Sri Lanka experienced massive economic turmoil after defaulting on its sovereign debt last year, causing concern in other debt-distressed countries like Pakistan. However, the island nation has made an impressive recovery since then, starting with the disbursement of a $2.9 billion International Monetary Fund (IMF) loan in March, coupled with the implementation of necessary reforms.
The proposed IMF reforms for Sri Lanka included introducing property tax and gift/inheritance tax by 2025, limiting growth in the public sector wage bill and pension spending, avoiding debt accumulation by State-Owned Entities, restructuring domestic commercial banks' FX loans, and refraining from exchange rate and import restrictions. Since the IMF deal, the country's trade deficit has contracted. There has been a gradual increase in remittances and tourist arrivals, and the exchange rate has stabilized and improved.
Yousuf Farooq, head of research at Chase Securities, commented, “Sri Lanka's post-default rebound has been notable, with the government swiftly implementing necessary reforms and focusing on reviving the tourism sector, which faced temporary challenges due to COVID-19. In an effort to address financial challenges and stimulate growth, Sri Lanka has also implemented taxation measures, including even taxing exporters.”
In terms of currency performance, the Sri Lankan Rupee has been the best-performing Asian currency in the first half of the current year (losing some ground post June). Additionally, inflation, which peaked at 70% last year, has now fallen to around 4% as of August 2023, although partially due to the high base effect after the government changed the base year for inflation calculation from 2013 to 2021.
Pakistan has also received a comparable amount of funds from the IMF, through a $3 billion stand-by arrangement approved in June. However, the stabilization of the Pakistani economy is still pending. The Pakistani rupee, despite making initial gains after the IMF disbursement, has now surpassed the 300 mark against the dollar for the first time in its history. The country continues to face high levels of inflation, with steep increases in fuel and electricity prices, making it challenging for the population to afford basic utilities.
Experts highlight the indecisiveness among decision-makers as the primary reason for the failure to implement necessary measures to stabilize the economy and facilitate recovery. On the other hand, some voices are less optimistic, emphasizing that the country is currently focused on damage control. There seems to be a lack of a clearly envisioned path to stability, as the current stand-by arrangement (SBA) primarily includes measures for damage control and imposes strict revenue and expenditure targets. The IMF has made it clear that if Pakistan fails to fulfill the requirements of the SBA, it may need to consider debt restructuring as an option.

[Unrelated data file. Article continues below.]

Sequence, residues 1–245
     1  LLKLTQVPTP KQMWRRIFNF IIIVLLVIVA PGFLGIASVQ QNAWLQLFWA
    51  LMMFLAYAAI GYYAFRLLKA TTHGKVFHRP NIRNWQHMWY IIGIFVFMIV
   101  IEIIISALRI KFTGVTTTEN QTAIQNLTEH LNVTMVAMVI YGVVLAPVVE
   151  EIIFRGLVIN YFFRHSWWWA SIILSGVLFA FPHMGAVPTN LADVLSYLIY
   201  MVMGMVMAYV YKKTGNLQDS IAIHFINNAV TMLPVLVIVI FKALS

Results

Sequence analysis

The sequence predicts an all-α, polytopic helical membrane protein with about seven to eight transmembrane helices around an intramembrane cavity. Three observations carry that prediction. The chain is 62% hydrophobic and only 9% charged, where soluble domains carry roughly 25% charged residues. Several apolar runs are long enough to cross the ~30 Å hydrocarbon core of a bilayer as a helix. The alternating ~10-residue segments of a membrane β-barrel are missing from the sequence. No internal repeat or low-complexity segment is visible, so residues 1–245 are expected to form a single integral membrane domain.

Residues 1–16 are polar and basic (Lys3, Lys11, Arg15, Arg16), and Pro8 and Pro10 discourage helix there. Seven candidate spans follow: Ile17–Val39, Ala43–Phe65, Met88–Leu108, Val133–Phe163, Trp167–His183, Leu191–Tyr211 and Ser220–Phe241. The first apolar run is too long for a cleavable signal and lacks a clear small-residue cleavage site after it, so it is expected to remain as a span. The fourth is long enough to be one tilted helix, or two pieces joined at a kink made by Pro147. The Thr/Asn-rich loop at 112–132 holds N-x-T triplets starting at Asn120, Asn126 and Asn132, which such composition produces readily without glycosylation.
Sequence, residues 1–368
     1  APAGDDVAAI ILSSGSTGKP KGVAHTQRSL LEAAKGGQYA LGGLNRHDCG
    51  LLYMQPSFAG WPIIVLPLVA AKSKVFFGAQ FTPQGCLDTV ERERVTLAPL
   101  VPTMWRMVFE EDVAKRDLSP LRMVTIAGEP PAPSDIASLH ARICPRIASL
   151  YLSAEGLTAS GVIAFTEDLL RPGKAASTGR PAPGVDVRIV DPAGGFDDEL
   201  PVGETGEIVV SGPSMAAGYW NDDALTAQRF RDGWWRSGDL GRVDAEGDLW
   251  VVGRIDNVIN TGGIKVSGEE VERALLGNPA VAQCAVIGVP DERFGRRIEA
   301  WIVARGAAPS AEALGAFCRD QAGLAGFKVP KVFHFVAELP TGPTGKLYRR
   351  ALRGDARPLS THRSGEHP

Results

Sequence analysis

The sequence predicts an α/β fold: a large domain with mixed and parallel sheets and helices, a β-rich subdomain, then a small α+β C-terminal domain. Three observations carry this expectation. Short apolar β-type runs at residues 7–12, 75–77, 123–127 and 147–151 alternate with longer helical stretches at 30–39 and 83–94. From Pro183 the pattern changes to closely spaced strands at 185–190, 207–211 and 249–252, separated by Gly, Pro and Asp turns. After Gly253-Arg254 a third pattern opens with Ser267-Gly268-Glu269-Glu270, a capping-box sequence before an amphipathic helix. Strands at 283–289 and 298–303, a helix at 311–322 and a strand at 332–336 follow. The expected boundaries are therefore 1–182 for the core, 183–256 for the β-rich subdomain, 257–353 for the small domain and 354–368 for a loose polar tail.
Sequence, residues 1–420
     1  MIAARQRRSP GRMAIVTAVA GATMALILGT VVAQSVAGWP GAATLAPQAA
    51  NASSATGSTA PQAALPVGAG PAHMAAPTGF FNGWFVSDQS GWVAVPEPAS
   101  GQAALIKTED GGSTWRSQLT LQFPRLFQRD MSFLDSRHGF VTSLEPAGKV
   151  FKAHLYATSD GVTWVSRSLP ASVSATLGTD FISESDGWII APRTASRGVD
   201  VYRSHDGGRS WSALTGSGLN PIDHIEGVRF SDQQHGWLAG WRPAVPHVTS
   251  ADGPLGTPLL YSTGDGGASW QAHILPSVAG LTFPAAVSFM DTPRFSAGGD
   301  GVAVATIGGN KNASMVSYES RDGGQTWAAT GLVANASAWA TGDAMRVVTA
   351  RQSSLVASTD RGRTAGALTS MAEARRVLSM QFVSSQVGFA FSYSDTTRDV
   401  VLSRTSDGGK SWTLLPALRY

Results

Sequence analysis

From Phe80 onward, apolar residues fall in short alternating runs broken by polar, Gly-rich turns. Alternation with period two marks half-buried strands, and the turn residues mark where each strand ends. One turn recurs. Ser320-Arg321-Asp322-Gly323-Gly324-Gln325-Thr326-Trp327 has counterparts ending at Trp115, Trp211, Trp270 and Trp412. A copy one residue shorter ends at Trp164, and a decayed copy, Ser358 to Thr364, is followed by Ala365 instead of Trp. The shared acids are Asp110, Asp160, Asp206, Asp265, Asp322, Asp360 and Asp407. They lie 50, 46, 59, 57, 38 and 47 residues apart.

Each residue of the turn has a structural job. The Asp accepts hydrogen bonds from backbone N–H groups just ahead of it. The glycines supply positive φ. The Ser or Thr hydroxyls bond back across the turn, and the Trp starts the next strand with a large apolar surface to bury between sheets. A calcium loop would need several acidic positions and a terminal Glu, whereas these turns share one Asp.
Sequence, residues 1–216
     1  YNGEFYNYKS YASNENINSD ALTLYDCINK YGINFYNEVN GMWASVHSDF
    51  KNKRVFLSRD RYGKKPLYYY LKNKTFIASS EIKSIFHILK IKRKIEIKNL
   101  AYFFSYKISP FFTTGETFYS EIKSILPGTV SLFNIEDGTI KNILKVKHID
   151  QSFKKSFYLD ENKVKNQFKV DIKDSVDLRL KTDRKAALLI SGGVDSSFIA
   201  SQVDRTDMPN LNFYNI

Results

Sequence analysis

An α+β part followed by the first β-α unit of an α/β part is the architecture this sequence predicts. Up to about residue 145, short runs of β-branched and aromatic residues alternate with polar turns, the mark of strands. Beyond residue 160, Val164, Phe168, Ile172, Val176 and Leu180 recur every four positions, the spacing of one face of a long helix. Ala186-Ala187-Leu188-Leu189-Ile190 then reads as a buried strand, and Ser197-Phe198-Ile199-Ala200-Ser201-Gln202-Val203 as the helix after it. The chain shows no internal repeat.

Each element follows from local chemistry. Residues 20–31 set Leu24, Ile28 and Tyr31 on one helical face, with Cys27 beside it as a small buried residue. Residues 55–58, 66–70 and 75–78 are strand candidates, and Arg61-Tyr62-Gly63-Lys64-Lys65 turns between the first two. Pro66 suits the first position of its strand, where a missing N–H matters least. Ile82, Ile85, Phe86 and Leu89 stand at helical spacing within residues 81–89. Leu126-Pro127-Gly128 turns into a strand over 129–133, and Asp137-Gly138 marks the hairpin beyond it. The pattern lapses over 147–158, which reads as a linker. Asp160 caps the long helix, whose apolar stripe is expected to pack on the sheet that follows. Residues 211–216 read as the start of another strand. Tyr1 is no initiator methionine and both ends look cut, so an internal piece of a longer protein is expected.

Sri Lanka is currently engaged in negotiations for debt restructuring, while in Pakistan, it appears that those in charge are inclined to avoid taking that route. However, one unavoidable challenge that the country shares with its South Asian counterpart is the high cost of debt.
“The IMF’s revenue projections imply that Sri Lanka will spend about a third of its revenue on interest payments alone in years to come,” read an article in the Financial Times.
“According to the IMF, only four countries for which data is available in 2023 will spend more than a third of their revenue on interest payments: Pakistan, Egypt, Ghana, and Malawi. Ghana and Malawi are already undergoing debt restructurings. Egypt and Pakistan are in IMF programs and arguably should bite the bullet and restructure their debts too,” it added.
Graph Source: Financial Times
Dr. Reza Baqir, Former Governor of the State Bank of Pakistan, in a webinar, stated that a 10% reduction in the net present value of a low income debt distressed country can lead to 1-2% additional GDP growth in the years to follow. However, as per Dr. Baqir, these benefits tend to flatten out in 4-5 years post restructuring, thus, indicating that structural reforms are the only long-term solution.
However, Sri Lanka encounters significant challenges in its debt restructuring efforts. The targets set by the IMF may not fully confront the country's underlying problems, and the issue is further compounded by low tax collection and high interest payments. Moreover, navigating the complexities of dealing with multiple external creditor groups adds to the difficulties. Despite these obstacles, Sri Lanka remains hopeful and committed to successfully achieving debt restructuring.
Meanwhile, Pakistan has other plans, such as seeking investment from its allies in the Middle East. This approach, if successful, could potentially offer temporary relief from liquidity pressures and help tame the inflation.